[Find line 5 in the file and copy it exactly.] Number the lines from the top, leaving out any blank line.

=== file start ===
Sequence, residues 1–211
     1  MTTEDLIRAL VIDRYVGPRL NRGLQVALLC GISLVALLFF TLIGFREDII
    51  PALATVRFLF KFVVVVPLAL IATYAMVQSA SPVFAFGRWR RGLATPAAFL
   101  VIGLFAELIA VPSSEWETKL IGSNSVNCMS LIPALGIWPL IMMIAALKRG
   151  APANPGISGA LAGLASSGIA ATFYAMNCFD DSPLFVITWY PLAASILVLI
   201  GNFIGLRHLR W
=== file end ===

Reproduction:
   151  APANPGISGA LAGLASSGIA ATFYAMNCFD DSPLFVITWY PLAASILVLI